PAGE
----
Good food, some confusion at West End Bagels

The authentic bagel shop smell hits you as soon as you walk in the door at West End Bagels.
A ham and cheese sandwich is served with minestrone soup at West End Bagels in Clifton Park. (Caroline Lee photo)
A ham and cheese sandwich is served with minestrone soup at West End Bagels in Clifton Park. (Caroline Lee photo)

The authentic bagel shop smell hits you as soon as you walk in the door at West End Bagels. Pleased, I took a deep breath, and then gave a sigh of satisfaction. I miss the bagel shops of Long Island, with condensation running down the plate glass windows in the wintertime from the vats of boiling water filled with bobbing bagels. They weren’t always pretty shops, but they were good.

West End Bagels is very pretty, but needs work. The good news is that they’re just starting out, and learning a lot along the way.

I like its tasteful decor and earnest local owners, Chris Naughton and Donna Arini. The wood floor is a nice touch for a strip mall store, and the look is clean and bright.

Shortly after 11 on a Saturday morning the store was still doing a steady business after a rush. As a result, the floor needed sweeping and the wood tables needed a wipe. In addition to a gentleman behind the counter there were three young women, who occasionally looked uncertain about what they should be doing.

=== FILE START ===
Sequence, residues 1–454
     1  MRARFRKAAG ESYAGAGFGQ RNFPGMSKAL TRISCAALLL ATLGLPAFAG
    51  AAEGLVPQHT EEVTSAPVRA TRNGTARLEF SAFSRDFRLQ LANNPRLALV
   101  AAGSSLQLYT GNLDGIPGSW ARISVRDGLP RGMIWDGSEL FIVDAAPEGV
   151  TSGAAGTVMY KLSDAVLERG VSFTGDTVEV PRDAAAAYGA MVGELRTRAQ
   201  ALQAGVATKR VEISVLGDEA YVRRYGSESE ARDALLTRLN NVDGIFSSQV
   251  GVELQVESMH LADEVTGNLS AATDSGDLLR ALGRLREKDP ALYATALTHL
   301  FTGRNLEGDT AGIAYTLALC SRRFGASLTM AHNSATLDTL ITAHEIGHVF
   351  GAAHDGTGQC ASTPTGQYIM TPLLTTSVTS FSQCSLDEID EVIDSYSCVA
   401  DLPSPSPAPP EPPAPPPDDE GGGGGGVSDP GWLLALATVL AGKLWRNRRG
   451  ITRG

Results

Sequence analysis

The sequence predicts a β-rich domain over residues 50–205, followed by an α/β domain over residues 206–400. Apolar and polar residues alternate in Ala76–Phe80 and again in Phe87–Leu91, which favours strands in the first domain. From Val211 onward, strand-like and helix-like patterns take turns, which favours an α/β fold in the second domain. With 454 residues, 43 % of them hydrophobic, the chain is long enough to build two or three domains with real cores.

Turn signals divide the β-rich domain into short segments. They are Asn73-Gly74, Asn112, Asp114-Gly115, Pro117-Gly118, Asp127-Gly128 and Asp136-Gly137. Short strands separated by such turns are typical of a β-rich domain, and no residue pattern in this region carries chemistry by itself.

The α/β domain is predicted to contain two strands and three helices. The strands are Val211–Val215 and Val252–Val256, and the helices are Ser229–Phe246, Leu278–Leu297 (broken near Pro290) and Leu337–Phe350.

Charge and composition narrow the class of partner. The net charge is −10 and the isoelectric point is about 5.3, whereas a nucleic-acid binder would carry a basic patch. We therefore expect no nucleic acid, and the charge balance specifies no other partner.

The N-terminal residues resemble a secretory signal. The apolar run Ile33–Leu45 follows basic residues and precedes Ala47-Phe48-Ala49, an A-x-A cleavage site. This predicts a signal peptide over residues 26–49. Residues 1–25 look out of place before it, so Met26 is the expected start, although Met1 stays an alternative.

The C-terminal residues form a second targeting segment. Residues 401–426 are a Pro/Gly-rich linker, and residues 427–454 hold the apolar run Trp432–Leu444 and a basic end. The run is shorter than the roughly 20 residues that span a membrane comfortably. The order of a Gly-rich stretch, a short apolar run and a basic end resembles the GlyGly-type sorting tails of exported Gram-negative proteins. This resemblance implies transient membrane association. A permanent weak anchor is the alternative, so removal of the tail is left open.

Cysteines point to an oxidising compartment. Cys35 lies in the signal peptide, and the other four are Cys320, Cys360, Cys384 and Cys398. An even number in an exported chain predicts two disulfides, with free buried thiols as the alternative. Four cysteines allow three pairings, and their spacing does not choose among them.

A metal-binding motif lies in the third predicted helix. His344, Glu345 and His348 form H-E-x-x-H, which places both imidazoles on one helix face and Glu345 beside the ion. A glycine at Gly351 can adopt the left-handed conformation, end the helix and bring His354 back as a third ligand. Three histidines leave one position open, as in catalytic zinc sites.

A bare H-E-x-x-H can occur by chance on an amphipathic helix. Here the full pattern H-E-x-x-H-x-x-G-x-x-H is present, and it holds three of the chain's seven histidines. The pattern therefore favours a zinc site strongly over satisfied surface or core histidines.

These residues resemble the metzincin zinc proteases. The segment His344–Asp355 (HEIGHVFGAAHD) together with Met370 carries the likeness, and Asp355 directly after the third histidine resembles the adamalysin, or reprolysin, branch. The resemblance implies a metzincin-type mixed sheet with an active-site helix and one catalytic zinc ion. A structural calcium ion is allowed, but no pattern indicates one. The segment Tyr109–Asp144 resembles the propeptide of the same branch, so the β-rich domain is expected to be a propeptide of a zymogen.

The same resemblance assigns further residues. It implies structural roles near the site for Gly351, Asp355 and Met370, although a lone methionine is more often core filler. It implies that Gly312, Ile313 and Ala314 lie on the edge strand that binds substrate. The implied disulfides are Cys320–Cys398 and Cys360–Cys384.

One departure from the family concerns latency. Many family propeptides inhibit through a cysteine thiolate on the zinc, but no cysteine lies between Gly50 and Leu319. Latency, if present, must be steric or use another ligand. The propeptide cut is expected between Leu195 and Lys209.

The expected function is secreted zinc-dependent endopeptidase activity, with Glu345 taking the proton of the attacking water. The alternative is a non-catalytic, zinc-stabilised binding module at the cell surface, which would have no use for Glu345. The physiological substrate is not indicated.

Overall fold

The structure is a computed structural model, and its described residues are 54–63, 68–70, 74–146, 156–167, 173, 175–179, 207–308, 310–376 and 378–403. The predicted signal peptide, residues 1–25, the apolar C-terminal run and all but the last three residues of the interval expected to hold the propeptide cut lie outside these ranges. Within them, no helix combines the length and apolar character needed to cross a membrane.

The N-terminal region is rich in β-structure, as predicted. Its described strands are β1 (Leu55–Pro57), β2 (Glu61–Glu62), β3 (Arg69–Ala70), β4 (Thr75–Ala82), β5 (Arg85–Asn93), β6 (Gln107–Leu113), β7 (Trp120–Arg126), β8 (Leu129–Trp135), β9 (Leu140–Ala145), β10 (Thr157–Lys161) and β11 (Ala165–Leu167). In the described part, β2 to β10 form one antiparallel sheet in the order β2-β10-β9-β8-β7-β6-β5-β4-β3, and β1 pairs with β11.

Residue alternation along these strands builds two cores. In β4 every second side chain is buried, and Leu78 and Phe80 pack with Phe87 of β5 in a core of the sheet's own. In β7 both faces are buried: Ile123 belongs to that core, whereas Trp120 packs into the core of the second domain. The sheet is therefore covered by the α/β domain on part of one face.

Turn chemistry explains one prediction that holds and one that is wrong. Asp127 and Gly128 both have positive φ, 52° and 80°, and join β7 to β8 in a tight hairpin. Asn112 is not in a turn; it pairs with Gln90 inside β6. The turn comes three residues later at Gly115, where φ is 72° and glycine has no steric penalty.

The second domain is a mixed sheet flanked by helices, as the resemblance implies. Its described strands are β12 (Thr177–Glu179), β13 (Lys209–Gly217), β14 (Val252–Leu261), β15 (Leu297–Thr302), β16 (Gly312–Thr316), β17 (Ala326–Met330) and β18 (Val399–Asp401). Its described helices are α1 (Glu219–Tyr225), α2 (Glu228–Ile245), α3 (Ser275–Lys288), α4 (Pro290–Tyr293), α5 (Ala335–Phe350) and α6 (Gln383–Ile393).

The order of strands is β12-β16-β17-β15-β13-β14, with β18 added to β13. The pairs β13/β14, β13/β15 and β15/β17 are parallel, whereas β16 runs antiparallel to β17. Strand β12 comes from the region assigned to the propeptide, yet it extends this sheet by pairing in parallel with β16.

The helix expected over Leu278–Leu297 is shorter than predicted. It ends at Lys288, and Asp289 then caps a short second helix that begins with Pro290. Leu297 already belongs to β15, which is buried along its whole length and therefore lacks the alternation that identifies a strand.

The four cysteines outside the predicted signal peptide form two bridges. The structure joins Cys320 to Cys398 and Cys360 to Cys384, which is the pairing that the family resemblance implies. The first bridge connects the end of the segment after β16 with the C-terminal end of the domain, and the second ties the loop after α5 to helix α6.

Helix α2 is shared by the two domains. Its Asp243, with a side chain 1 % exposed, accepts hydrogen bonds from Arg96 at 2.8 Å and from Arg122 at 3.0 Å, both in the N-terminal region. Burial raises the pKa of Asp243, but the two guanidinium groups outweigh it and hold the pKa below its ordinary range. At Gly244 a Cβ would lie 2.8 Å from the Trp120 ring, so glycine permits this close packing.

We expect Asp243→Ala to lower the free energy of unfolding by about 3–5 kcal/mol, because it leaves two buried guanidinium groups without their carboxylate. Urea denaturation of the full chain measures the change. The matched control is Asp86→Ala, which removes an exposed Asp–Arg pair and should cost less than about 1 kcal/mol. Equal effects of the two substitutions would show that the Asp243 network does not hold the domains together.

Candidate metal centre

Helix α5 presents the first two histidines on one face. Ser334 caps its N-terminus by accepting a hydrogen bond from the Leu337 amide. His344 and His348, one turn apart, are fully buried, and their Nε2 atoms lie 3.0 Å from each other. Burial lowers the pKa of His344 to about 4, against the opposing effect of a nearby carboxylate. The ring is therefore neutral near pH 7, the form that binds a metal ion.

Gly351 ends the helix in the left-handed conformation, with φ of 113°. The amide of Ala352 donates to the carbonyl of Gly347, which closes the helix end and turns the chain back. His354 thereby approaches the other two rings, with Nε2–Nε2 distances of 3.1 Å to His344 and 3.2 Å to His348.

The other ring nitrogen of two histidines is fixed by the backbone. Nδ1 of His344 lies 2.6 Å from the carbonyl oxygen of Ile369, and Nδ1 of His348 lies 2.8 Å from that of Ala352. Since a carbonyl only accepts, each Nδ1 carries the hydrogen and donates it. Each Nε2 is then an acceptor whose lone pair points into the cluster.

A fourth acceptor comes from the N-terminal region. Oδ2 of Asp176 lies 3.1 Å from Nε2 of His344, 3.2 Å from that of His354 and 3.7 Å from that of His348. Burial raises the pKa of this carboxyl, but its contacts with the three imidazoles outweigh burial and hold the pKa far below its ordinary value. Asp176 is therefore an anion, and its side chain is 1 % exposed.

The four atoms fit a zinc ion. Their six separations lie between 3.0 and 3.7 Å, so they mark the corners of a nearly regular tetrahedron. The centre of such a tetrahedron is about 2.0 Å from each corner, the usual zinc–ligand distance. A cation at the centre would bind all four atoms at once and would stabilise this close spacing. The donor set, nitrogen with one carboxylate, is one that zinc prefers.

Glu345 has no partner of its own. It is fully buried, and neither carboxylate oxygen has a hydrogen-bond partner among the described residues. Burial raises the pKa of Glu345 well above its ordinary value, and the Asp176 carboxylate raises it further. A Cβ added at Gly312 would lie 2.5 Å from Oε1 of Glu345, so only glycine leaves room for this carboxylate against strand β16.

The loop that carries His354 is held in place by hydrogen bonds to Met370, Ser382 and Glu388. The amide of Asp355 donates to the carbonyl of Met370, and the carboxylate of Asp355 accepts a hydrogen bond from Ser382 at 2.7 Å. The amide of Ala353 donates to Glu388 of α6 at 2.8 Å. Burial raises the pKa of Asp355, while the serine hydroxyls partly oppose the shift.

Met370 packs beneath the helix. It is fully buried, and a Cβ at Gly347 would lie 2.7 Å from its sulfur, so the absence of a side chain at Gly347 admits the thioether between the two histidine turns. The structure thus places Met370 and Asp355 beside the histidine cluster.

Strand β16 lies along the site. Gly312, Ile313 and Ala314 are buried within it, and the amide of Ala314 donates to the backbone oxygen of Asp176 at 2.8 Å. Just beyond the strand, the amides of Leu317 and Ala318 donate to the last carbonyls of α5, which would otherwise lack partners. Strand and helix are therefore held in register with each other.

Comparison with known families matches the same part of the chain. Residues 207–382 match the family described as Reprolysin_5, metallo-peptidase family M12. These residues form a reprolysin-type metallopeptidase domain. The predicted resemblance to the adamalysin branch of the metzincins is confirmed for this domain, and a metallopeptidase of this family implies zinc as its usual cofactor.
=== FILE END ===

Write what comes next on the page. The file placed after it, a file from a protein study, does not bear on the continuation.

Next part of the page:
A helpful sign directs you to where to go to place your order. If you can’t read the wall-sized chalkboard menu, take a paper menu from the counter, but you’ll miss the specials and new items, like the whitefish salad.

West End Bagels

WHERE: 5 Southside Drive, Clifton Park, 952-4762,

WHEN: 5:30 a.m. to 4 p.m. Monday to Friday, 6 a.m. to 3 p.m. Saturday and Sunday


MORE INFO: Credit cards: Visa, Master Card, American Express, Discover. Wheelchair accessible

West End is open seven days, from early breakfast through late lunch. The menu lists 10 varieties of bagels and ten kinds of cream cheese. A bagel with cream cheese is $2.45; naked, they’re a buck. Breakfast sandwiches on bagels can include bacon, sausage or cheese in addition to the egg. Deli sandwiches are made with Boar’s Head cold cuts. There are several varieties of soup and fresh bakery items like muffins and cookies.

We were greeted at the counter and our order was taken promptly. In addition to my sandwich, I ordered a small cup of minestrone ($3.75). We were directed to a cooler in the front of the store for drinks. I took out my wallet, but it wasn’t time to pay, I was told. We took a table in the front where Mom could watch the foot traffic in the busy shopping center near the Hannaford supermarket.

Soon enough, one of the employees brought us two tightly-wrapped brown paper bags. Mom unpacked and I walked over to the counter to pay. An employee went off to find someone to work the register, so I sat back down and kept an eye out for someone to appear.